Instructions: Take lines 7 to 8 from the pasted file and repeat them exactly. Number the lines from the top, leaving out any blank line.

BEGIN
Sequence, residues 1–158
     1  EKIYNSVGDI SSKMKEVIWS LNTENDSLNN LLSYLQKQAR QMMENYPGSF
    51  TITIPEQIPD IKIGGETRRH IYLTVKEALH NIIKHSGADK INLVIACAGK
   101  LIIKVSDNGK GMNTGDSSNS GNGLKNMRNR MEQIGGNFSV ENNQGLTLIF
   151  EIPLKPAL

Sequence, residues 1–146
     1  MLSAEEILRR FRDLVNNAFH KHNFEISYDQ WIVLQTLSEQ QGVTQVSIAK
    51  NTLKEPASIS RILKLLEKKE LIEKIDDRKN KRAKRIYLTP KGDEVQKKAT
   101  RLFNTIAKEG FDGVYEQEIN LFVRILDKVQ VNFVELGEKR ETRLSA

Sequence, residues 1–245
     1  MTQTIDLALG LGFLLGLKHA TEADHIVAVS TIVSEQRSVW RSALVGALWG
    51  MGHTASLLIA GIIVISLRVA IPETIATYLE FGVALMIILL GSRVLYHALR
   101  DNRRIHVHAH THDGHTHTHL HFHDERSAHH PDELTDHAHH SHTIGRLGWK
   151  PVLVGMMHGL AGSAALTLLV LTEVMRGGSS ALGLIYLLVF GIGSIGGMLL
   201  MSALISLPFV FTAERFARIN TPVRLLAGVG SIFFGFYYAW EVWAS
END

     1  MLSAEEILRR FRDLVNNAFH KHNFEISYDQ WIVLQTLSEQ QGVTQVSIAK
    51  NTLKEPASIS RILKLLEKKE LIEKIDDRKN KRAKRIYLTP KGDEVQKKAT